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Lance Armstrong tells Oprah 'all the fault ... falls on me'

Freya PetersenGlobalPost.com

Lance Armstrong has admitted to Oprah Winfrey that he took banned substances during all seven of his Tour de France victories. Armstrong's admission came at the beginning of the much-anticipated interview with the talk show host, which went to air Thursday night.

Major US news outlets, including the LA Times, Wall Street Journal and USA Today were running live blogs of the interview.

Armstrong — who was stripped of his last major title overnight, with the International Olympic Committee sending him a letter asking him to return his bronze medal from the 2000 Sydney Olympics — admitted he took EPO, used blood doping and took human growth hormone and testosterone throughout his career.

He said his repeated denials of doping were "one big lie":

"All the fault and all the blame here falls on me. I didn't invent the [doping] culture, but I didn't do anything to stop the culture." 

ESPN published a number of Armstrong's answers to Winfrey's questions on its website, including:

Oprah: Did you ever take banned substances to enhance your cycling performance?

Armstrong: Yes.

Oprah: Was one of those banned substances EPO?

Armstrong: Yes.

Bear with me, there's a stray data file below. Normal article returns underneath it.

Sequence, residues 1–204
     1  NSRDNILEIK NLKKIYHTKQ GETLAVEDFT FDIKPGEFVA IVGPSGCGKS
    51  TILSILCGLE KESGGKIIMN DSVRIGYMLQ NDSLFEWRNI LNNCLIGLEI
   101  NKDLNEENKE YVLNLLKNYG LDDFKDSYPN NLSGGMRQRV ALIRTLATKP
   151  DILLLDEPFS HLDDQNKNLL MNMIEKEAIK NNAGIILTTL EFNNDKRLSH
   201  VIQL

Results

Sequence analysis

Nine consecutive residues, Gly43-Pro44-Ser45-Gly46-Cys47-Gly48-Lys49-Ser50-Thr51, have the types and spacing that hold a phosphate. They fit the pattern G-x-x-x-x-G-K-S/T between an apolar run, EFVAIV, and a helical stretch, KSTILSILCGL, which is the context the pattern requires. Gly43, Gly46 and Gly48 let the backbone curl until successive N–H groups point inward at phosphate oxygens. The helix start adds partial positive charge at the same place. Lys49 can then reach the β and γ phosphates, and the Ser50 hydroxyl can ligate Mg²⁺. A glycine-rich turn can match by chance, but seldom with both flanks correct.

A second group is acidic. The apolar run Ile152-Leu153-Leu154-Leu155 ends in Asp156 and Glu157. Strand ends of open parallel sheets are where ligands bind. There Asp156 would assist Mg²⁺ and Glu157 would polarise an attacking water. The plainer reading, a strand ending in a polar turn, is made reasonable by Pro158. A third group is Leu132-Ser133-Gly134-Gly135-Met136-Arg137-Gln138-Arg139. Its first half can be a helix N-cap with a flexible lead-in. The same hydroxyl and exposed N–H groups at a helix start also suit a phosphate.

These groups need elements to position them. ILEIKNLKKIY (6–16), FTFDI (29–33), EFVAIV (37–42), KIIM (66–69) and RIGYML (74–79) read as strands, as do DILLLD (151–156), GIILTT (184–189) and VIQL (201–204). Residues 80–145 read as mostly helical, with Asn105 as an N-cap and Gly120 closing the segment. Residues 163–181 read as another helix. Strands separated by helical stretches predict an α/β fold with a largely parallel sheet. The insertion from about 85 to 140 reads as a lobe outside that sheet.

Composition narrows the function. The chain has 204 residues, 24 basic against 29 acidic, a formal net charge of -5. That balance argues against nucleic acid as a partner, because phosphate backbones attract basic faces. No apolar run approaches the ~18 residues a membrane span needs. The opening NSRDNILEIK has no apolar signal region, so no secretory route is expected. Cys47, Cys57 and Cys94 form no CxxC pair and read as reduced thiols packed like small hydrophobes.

Oprah: Did you ever blood dope or use blood transfusions to enhance your cycling performance?

Armstrong: Yes.

Oprah: Did you ever use any other banned substance like testosterone, cortisone or human growth hormone?

Armstrong: Yes.

Oprah: In all seven of your Tour de France victories, did you ever take banned substances or blood dope?

Armstrong: Yes.

Oprah: In your opinion, was it humanly possible to win the Tour de France without doping? Seven times in a row?

Armstrong: Not in my opinion.

Oprah: For 13 years you didn't just deny it, you brazenly and defiantly denied everything you just admitted just now. So why now admit it?

Armstrong: That is the best question. It's the most logical question. ... I don't know that I have a great answer. I will start my answer by saying that this is too late. It's too late for probably most people, and that's my fault. I viewed this situation as one big lie that I repeated a lot of times, and as you said, it wasn't as if I just said no and I moved off it.

The interview, broadcast on the Oprah Winfrey Network, was conducted Monday in Austin, Texas.

The second part will air Friday night.